As stated previously, the majority of the patients studied here were either current or former smokers which could have been troublesome during the interpretation of the data. Indeed, the presence of NP has been described in cigarette smoke . Therefore, the welding origin of the NP found in welders lungs could be questioned. However, only Al and Si NP were observed in control patients, irrespective of their smoking status, thus ruling out a potential misinterpretation of the findings related to cigarette smoke NP. Moreover, we did not observe any synergistic effect between cigarette smoke and metallic NP exposure in vitro. Although we observed only a limited effect of cigarette smoke exposure alone, this underlines the unique effect of welding-related NP.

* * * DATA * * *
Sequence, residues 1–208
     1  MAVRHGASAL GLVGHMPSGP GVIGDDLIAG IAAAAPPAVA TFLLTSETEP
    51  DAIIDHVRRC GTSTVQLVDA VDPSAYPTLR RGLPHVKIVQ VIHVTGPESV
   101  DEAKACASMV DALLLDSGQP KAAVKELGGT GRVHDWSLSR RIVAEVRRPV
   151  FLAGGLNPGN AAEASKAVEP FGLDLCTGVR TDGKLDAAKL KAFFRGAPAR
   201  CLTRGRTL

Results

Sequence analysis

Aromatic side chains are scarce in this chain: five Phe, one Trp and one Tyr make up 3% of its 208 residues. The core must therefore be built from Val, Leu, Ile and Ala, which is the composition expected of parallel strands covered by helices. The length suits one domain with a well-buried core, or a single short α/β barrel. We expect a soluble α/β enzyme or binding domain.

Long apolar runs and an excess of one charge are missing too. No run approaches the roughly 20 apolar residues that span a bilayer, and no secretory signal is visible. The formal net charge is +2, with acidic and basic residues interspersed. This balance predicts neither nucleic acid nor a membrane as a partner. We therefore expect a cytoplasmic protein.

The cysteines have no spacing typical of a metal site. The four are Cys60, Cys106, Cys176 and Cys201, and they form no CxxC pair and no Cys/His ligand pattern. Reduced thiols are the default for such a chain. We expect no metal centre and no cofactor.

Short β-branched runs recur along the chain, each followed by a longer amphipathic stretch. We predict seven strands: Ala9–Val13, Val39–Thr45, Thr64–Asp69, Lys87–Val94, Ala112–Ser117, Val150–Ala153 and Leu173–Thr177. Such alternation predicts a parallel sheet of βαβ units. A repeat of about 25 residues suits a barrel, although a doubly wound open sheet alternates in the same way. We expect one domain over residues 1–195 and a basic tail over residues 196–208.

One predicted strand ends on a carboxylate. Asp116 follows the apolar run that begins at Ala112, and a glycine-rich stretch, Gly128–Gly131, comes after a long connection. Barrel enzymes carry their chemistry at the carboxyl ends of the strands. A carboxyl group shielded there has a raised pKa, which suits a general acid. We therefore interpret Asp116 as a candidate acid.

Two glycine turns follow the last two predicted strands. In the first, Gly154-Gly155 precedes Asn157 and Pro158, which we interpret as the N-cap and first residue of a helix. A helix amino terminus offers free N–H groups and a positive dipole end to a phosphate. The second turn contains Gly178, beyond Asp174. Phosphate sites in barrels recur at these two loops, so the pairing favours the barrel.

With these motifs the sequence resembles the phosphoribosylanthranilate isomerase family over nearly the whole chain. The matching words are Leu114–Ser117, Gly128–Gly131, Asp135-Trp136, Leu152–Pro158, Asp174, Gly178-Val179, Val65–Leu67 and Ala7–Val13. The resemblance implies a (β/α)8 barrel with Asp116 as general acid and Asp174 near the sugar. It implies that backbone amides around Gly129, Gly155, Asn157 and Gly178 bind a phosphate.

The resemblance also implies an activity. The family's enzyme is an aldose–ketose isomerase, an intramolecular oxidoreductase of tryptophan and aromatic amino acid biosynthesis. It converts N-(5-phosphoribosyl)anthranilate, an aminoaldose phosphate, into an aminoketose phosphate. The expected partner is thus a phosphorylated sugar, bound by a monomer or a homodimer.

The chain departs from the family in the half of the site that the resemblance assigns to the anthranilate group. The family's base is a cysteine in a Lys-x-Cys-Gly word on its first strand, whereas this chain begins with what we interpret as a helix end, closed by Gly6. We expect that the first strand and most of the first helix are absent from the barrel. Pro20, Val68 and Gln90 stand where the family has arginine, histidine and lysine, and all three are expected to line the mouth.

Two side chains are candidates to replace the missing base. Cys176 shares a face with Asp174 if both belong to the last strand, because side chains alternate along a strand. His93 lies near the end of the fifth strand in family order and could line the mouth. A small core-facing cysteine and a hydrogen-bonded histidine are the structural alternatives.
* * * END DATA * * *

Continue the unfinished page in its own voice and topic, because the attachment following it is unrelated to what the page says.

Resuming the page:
NP-loaded macrophages were present not only in the alveolar lumen but also in the fibrous tissue of lung tissue sections from welders. In chronic repetitive injury situations leading to fibrosis development (such as welding fume exposure in an occupational context), it is known that inflammation invariably precedes fibrosis . Since we detected a pro-inflammatory secretome in macrophages exposed to NP, we hypothesized that this secretome could induce fibroblast differentiation into myofibroblasts. Indeed, myofibroblasts represent the major cellular effector of fibrogenic reactions, and fibroblasts have long been considered as the only cell type of origin for myofiboblasts . However, the data here did not indicate any myofibroblastic differentiation. These findings could be explained by the absence of TGF-ß production in NP-exposed macrophage supernatant, as TGF-ß is the main cytokine involved in fibroblasts differentiation . Moreover, one can’t rule out the influence of kinetic aspects of our experimental set-up, where macrophages were exposed for 48 hours, leading to a M1-like pro-inflammatory phenotype, without the possibility of developing a later M2 phenotype, where macrophages could act as the primary effectors of later stages of repair and/or later proliferative and remodeling phases. Beside fibroblasts, fibrocytes and epithelial cells have also been described as sources of myofibroblasts [50, 51]. Their response to supernatant from NP-exposed macrophages could have been interesting to evaluate given the presence of specific cytokines such as CCL-2 and CCL-3. Indeed, CCL-2 is a chemoattractant for fibrocytes , and CCL-3 has been involved in bleomycin-induced recruitment of bone marrow-derived macrophages and fibrocytes, and the subsequent development of pulmonary fibrosis . This should deserve further studies.